A week after getting his blank check, Paulson says he must first send the investment banks $125 billion in direct cash, momentarily pushing aside the original plan. The next day he announces that he will send another $125 billion directly to smaller banks once again pushing back the original goal of the taxpayers money.

This morning it was announced that the government may now buy zero mortgage securities with the money. None. This means they have done nothing to help the credit markets other than send hundreds of billions of dollars to banks who are now just sitting on the cash to cover losses.

With the wiff of what is going on, lobbyist have lined up in front of Washington to take a piece of the bailout pie. Companies in all shapes and sizes are now standing in line to get some free money.

Originally called the TARP, we can now call it the IBFE. (Inflation Bill For Everyone)

To counter that ongoing insanity, they have also redirected focus toward modifying additional home loans. Any outcome from this is going to be a disaster. Any home owners that are still making payments that can qualify for the new program will immediately stop. Many will come up with ways of rearranging their finances to qualify for modification. This will have a horrific effect on our economy as a whole.

In order to pay for the ongoing bail out support, I would keep your eyes open for new government programs to raise additional money. One such program may be to have 3-5% deducted from workers pay checks that would be placed into an "investment fund." The government would tell the country that they will be helping them invest for their future and the money will be returned with a strong return.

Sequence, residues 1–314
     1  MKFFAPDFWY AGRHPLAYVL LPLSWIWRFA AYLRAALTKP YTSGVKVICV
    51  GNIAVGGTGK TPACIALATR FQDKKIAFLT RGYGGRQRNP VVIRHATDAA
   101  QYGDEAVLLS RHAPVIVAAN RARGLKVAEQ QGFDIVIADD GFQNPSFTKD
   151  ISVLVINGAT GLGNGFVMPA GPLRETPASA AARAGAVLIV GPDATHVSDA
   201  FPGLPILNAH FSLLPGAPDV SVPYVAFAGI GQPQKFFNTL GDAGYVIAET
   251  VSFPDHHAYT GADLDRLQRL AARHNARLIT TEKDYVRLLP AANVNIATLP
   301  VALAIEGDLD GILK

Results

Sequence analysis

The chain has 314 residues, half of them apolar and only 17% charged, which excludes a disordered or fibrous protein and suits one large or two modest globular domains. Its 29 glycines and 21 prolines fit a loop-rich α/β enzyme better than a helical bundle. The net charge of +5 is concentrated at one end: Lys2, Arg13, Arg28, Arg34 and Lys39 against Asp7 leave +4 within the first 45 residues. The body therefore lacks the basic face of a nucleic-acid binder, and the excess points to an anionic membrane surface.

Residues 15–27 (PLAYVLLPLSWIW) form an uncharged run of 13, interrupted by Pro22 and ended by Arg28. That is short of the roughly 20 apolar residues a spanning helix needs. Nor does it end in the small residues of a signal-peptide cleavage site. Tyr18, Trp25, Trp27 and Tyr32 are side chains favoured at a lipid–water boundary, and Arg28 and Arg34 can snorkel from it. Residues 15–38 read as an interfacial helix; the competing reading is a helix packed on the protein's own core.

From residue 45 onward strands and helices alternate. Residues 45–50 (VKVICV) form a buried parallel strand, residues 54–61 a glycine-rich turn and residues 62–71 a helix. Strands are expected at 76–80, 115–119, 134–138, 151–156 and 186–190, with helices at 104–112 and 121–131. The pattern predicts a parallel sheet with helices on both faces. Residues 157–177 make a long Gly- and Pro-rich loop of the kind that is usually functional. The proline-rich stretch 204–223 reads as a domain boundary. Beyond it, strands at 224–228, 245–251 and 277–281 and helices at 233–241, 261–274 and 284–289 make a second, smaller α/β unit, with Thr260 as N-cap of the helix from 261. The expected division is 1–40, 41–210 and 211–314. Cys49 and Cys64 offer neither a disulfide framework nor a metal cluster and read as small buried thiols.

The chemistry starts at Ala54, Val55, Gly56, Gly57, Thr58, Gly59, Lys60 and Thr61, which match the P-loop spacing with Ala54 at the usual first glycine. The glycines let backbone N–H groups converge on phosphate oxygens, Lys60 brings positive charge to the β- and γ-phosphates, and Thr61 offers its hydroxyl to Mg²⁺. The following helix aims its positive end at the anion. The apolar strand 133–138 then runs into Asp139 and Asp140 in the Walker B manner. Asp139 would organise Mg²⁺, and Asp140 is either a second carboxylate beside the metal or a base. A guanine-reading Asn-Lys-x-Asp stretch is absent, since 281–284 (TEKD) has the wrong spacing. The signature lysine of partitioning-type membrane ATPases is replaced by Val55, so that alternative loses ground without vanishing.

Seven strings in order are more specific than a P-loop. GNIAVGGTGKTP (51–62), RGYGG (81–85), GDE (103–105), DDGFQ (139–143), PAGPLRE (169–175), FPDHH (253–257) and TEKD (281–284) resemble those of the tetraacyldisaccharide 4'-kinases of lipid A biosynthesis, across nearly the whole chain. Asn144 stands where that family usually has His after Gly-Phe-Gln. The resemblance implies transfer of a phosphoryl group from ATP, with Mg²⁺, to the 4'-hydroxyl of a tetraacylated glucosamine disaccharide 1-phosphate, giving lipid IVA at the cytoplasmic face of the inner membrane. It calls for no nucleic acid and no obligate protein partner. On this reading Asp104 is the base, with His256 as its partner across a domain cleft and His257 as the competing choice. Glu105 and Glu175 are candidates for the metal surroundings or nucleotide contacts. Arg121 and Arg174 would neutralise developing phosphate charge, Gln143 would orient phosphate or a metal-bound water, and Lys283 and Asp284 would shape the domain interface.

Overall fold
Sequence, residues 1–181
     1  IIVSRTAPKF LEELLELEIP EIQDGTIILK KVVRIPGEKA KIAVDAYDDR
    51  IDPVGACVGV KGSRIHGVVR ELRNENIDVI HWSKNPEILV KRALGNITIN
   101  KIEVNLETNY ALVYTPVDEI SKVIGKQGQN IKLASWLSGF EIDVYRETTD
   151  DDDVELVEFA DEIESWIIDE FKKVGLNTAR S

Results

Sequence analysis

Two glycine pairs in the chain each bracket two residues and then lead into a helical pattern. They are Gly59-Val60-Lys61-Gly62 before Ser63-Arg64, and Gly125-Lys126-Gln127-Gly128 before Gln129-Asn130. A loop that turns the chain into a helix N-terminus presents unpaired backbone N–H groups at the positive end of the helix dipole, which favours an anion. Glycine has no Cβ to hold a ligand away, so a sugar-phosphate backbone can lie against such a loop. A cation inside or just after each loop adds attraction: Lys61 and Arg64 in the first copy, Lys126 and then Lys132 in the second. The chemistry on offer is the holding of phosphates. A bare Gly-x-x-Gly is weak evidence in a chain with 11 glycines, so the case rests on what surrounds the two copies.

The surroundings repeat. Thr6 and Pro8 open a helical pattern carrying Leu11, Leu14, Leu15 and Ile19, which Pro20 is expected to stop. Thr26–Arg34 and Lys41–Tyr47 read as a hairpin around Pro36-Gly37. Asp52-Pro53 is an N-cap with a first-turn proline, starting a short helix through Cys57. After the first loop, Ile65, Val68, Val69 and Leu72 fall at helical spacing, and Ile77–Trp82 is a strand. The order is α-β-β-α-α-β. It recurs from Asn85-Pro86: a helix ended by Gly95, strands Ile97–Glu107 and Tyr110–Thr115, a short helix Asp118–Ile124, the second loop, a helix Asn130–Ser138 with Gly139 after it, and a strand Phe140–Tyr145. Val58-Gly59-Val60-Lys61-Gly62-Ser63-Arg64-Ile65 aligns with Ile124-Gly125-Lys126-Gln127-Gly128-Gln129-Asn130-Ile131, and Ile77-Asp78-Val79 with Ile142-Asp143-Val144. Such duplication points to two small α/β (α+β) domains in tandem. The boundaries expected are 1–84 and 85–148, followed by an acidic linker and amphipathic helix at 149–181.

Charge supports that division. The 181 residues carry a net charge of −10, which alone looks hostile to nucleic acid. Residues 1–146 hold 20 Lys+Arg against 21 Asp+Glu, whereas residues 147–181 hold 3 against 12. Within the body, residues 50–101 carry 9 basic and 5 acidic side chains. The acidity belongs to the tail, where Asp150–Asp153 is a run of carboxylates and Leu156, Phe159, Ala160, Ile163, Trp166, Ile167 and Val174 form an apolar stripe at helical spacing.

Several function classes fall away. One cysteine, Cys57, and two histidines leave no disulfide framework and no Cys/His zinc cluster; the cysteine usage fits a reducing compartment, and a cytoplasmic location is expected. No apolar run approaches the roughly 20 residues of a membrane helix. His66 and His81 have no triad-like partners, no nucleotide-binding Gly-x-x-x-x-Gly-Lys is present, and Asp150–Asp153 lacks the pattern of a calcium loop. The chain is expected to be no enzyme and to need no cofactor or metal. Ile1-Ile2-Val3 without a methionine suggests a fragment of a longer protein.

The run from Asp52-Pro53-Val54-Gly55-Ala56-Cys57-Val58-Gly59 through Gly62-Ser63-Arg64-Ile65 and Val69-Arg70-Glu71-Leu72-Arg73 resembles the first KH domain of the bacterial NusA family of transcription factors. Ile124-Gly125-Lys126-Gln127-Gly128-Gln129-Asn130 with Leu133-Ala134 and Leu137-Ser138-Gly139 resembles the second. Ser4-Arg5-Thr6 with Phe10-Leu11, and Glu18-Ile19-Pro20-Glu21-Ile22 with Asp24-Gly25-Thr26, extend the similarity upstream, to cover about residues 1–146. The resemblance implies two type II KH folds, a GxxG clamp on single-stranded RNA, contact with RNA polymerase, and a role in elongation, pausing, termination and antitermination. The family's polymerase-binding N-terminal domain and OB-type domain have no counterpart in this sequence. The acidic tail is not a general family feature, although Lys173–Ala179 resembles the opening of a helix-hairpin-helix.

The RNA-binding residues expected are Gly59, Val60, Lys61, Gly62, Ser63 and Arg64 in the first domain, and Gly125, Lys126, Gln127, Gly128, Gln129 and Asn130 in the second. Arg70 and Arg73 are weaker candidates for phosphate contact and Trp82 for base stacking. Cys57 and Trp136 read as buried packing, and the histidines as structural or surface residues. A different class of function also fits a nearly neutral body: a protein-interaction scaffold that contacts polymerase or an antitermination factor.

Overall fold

The money, however, will immediately be spent and replaced with treasury bonds. (IOU's) This is the way that medicare and social security work when it is deducted from your pay every month. The government spends that money instantly and replaces it with IOU's.

It is important to remember the final outcome of all this, which will be the collapse of our currency and our country declaring bankruptcy. We move closer to that point every day, and the majority of Americans will have their entire life savings wiped out in the blink of an eye. Not in the amount of money they have, but with what that money will purchase, their true wealth.

Tuesday, November 11, 2008

The Fall of 98'

10 short years ago the markets were gripped with the panic known as Long Term Capital Management. LTCM was a hedge fund that was the darling of the industry throughout the 90's. They were the brightest minds in the world in risk management and every major bank in the country was sending them billions of dollars to invest.

They were betting on risk spreads between bonds of different nations and after growing confident over the years they were leveraging their bets up to ridiculous levels. They would collect massive checks year after year as long as there was not some "event" that would shake the markets. Of course, that event came as it always does, in the form of Russia defaulting on its debt in the summer of 1998.

Long Term Capital Management was leveraged up so high that they turned to the Federal Reserve to bail them out because they represented systemic risk to the financial system. The Fed did just that, but the unwinding of their trades caused enormous shock waves through the credit markets, stock markets, and commodity markets.

Oil fell from $20 all the way down to $10 a barrel. The media cheered of the bursting of the oil bubble. To start the new year in 1999 the Economist magazine ran on it's cover that the price of oil was going to $5 and staying there for the foreseeable future. What was the reason? Demand Destruction.

Does any of this sound familiar?

Soon after the price of oil was announced to stay cheap forever, auto manufacturers created the wave of the future in SUV products that rolled off the assembly lines. Gas guzzlers if you will.